Effects of age, gender, and education on semantic fluency for living and artifact categories
Cameron, Rosalea M. and Wambaugh, Julie L. and Mauszycki, Shannon
Effects of age, gender, and education on semantic fluency for living and artifact categories . Aphasiology, 22(7-8), July, 2008, pages 790-801.
Background: Evidence exists that many individuals with neurological damage exhibit a “category effect”, typically naming more artifact than living items. However, there is a paucity of research exploring the existence of a category effect with neurologically intact individuals. The investigations performed to date have focused on a limited number of categories, and most authors have not controlled for possible age, gender, and/or education-related effects among groups.
Aims: The purpose of this study was to explore the effects of age, gender, and education on semantic fluency for four living and four artifact categories.
Methods & Procedures: A total of 60 individuals recruited from four groups participated in the study: younger males, younger females, older males, and older females. Each group of 15 individuals was matched for years of education. Participants were asked to name as many items as possible in four living categories: birds, four-footed animals, fruits, and vegetables as well as four artifact categories: tools, kitchen utensils, furniture, and clothing.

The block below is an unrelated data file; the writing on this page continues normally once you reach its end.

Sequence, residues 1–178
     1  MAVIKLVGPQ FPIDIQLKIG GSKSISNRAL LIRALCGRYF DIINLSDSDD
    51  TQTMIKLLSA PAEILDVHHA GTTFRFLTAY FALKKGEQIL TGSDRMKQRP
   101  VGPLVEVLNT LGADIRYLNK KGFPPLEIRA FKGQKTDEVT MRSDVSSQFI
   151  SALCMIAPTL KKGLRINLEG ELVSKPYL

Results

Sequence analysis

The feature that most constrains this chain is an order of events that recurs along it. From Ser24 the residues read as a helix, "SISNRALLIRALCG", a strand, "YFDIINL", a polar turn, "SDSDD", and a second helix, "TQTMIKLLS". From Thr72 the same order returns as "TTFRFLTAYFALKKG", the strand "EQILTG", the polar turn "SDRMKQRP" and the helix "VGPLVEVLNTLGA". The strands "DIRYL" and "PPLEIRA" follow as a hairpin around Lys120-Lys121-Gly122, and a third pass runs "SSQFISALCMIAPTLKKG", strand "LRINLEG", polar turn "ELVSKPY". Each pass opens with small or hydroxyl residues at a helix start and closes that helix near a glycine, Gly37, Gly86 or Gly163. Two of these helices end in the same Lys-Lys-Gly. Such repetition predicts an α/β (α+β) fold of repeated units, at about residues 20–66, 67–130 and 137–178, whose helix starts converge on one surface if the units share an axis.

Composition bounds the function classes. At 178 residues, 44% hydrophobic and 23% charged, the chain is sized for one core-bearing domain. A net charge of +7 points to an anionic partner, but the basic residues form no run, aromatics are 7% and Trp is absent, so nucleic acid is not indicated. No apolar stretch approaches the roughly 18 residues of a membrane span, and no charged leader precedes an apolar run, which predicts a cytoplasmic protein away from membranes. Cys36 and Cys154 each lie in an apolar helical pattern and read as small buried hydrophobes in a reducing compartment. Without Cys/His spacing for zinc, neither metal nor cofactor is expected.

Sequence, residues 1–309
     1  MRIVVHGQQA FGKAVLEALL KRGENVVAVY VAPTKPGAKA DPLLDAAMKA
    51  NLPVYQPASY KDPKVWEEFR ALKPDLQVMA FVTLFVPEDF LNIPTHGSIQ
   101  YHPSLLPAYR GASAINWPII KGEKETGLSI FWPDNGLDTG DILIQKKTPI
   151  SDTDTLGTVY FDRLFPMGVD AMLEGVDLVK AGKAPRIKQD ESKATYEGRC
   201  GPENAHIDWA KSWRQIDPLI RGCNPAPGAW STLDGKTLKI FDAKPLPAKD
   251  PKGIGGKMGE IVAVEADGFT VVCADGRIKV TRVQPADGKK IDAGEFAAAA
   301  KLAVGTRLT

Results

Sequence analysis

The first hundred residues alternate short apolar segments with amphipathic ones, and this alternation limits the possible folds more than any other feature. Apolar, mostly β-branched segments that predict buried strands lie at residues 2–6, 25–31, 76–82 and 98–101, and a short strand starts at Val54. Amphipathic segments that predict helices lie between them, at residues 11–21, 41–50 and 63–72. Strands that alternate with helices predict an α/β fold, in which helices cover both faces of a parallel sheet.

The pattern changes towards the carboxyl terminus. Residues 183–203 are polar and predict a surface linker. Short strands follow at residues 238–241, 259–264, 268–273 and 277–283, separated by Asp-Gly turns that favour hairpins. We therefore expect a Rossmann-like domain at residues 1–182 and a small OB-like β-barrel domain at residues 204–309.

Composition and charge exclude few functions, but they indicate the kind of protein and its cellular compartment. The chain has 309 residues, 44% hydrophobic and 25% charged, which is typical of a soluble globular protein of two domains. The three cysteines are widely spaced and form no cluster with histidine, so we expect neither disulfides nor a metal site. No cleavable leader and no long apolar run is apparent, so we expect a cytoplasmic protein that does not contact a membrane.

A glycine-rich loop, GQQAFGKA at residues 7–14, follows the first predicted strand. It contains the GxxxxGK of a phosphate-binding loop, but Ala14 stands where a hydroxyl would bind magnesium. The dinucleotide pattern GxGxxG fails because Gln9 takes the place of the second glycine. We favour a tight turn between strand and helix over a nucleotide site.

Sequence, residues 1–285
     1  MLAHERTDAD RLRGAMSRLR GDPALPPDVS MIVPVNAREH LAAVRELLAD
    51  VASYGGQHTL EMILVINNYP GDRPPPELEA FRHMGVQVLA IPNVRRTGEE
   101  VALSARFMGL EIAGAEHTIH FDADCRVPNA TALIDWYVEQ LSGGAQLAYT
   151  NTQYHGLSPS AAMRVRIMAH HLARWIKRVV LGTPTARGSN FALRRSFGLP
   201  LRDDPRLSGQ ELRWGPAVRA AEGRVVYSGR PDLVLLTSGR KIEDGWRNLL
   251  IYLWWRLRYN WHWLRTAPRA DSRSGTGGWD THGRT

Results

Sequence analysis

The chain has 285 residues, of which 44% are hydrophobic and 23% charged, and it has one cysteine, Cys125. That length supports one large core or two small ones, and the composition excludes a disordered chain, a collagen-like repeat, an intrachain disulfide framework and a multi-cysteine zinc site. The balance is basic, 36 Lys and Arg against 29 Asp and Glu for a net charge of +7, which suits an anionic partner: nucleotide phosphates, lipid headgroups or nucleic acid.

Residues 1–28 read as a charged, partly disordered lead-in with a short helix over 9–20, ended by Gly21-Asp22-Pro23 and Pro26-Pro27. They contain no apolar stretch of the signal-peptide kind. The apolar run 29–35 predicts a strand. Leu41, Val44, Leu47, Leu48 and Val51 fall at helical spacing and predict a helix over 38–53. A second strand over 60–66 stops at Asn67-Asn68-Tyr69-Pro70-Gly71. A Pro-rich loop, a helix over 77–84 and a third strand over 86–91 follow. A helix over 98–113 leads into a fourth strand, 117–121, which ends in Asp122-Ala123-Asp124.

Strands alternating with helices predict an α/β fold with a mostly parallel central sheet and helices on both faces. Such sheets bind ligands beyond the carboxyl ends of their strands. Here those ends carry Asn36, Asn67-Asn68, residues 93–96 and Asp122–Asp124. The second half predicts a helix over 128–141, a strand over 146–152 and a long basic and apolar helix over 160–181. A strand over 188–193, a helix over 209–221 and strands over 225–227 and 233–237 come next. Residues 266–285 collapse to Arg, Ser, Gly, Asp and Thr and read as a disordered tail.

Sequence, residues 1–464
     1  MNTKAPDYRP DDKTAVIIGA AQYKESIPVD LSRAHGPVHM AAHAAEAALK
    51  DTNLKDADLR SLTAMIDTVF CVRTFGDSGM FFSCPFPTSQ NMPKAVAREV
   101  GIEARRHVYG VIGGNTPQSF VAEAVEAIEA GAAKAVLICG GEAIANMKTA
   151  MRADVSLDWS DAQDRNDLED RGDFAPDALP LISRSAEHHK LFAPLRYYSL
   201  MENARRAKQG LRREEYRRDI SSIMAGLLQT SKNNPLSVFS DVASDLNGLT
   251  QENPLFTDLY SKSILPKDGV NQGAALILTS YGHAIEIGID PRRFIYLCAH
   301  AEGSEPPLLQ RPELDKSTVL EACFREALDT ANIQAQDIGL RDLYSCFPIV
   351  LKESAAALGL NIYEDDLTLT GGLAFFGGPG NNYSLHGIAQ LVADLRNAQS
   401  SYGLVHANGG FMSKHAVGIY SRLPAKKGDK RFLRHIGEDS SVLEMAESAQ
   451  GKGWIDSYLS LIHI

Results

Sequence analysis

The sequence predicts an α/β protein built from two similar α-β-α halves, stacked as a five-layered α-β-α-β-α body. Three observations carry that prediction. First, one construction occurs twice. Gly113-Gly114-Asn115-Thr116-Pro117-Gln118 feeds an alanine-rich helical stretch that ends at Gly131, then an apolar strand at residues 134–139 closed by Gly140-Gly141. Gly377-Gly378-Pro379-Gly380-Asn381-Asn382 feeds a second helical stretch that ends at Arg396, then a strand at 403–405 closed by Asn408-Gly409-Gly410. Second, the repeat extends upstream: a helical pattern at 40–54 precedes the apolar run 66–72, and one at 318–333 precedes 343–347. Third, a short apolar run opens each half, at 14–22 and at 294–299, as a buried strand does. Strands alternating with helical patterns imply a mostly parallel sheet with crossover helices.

Outcomes & Results: There was no significant difference between living and artifact domains. With regard to specific categories, females named significantly more fruit and furniture items, while males named more tools. Younger females with fewer than 16 years of education named the most fruits, and participants with at least 16 years of education had an advantage for clothing. Older males and younger females named more four-footed animals than did their gender-matched peers.
Conclusions: In contrast to previous reports, this investigation failed to identify naming differences between living and artifact domains, which might partly be related to dissimilar task demands (i.e., semantic fluency versus confrontation naming). However, several gender-based differences observed for specific categories were consistent with previous research. Moreover, the use of a broader range of categories exposed additional differences in naming performance.
|EPrint Type:||Journal (Paginated)|
|Conference:||Clinical Aphasiology Conference: Clinical Aphasiology Conference (2007 : 37th : Scottsdale, AZ : May 22-26, 2007)|
|Publisher:||Taylor and Francis|
|DOI or Unique Handle:||10.1080/02687030701818018|
|Additional Information:||Access to the full text is subject to the publisher's access restrictions.|